Maintenance Considerations

Regular maintenance is imperative for the continued functioning of any mechanical system. When the mechanical system is all that is keeping the helicopter airborne, the importance of maintenance increases further. Airframe manufacturers will mandate a maintenance schedule to their customers (the “end users”).

Maintenance types

The aim of airframers is to make sure all maintenance is “planned” maintenance – where operators can schedule the maintenance ahead of time, to make sure parts and technicians are available etc. “Unplanned” maintenance – often when something has gone wrong with the aircraft – can be very costly to aircraft operators, as they will often have to wait for technician availability or key parts, the lead time for which can be many months if parts required are not in stock. In the worst cases, “un planned” maintenance can also cost a company in terms of image and corrective action if there was a major incident on the helicopter. Legal authorities may be involved, and design safety can be questioned.

Maintenance procedures fall under one of two categories – “mandatory” and “recommended” (different OEMs will have different names for the two categories, but they are fundamentally the same). Within mandatory maintenance are all the checks and procedures required to keep aircraft in an airworthy condition. “Recommended” checks are those that will help keep the aircraft functioning at its best, but are not critical to safety.

Within the scope of SKF products, maintenance typically means one of three things:
  • Inspection – end users are required to check the product for any signs of damage, deterioration or any other visual changes. This will most commonly apply to easy-to-access parts, such as main-or tail-rotor components (for example self-lubricating bearings and rod ends, elastomeric or composite rods). 
  • Measurement – end users are required to measure the parts’ functionality. Some examples are play or “looseness” measurement, torque measurement, or vibration measurement. All SKF products will be subject to some form of measurement checks.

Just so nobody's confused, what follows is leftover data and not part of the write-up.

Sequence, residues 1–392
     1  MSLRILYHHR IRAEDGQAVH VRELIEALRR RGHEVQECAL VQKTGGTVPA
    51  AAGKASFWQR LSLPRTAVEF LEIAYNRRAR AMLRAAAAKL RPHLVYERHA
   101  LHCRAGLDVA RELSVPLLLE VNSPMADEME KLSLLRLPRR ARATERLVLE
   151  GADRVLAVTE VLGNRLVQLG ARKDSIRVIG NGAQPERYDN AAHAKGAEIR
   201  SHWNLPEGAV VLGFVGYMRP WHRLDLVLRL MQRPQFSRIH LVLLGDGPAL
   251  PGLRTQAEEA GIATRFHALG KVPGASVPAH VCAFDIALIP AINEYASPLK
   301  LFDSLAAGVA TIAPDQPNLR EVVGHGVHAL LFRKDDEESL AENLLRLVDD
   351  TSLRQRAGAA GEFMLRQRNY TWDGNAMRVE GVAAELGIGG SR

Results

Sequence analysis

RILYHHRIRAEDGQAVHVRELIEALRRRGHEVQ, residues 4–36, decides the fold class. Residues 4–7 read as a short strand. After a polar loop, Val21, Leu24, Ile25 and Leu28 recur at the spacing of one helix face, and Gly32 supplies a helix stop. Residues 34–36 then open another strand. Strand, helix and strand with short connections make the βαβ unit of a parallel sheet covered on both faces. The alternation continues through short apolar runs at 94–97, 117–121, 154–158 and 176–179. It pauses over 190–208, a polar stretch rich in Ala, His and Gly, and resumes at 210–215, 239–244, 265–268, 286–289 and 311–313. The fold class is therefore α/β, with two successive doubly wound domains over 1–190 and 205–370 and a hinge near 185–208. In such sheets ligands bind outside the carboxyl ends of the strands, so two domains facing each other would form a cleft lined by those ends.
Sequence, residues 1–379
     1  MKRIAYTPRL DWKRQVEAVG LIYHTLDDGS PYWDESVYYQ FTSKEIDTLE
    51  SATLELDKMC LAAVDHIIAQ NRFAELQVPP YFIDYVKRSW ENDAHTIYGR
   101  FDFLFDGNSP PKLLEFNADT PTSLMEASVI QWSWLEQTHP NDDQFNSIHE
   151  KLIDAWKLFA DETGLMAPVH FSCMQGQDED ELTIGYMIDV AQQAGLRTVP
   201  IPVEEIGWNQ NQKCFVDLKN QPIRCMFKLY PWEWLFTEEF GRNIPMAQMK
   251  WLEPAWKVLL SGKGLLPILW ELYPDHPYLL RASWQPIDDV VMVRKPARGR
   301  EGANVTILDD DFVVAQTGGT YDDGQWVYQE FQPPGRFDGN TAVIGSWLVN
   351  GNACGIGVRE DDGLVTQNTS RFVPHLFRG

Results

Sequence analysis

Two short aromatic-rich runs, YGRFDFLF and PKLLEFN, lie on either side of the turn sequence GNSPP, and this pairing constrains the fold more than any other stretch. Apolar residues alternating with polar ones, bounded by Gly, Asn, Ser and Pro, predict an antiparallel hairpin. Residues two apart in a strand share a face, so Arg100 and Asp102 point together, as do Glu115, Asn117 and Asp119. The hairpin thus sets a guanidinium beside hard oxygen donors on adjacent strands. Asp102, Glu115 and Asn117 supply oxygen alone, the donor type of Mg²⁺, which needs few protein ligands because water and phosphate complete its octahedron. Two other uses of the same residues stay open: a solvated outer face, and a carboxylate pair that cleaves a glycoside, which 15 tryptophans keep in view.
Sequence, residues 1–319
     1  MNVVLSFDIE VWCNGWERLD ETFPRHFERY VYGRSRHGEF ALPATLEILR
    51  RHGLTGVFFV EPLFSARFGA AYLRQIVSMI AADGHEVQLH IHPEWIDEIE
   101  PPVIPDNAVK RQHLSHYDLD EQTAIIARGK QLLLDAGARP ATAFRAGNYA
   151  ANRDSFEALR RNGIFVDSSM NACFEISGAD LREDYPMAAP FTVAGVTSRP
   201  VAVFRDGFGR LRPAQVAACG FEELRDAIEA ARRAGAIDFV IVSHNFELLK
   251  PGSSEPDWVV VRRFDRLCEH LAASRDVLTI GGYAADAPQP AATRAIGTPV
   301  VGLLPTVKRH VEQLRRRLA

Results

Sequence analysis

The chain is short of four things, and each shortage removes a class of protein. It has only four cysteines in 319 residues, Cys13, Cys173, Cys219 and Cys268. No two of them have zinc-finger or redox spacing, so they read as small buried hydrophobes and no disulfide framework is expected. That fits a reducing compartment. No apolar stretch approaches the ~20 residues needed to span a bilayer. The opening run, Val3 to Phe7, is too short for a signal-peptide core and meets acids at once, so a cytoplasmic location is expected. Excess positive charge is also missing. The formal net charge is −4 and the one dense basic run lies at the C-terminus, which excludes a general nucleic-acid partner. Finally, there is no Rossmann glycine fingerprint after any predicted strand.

• Replacement – end users will be required to replace a part either after a set number of flight hours, or due to some criteria found through inspection or measurement.

Maintenance Intervals

One of the most difficult tasks for airframers is deciding the interval for maintenance operations. While short maintenance intervals are good from a conservative standpoint, if they are too short they impose a huge burden on the end user.

Calculation of maintenance intervals is complex and depends on OEM requirements, but generally can be divided into two categories based on the part in question. For parts which are impossible to measure or inspect, a replacement interval is specified which is typically the average life of the part with a large safety factor applied. For parts which can be inspected or measured, an inspection interval is typically based on the time between the rejection criteria of a part and the full failure of a part.

Intelligent Maintenance

With the advent of condition monitoring, airframers are able to propose some form of intelligent maintenance. Systems already exist to make known, system performance problems, for example, through vibration analysis, which in itself is a significant safety system. However, this approach is less useful for maintenance management, as it is a relatively late stage measurement.


SKF is working to integrate sensing within its supplied components, which when combined with SKF knowledge on product performance and reliability, will enable better scheduling of maintenance, and a prognostic approach to aircraft systems.

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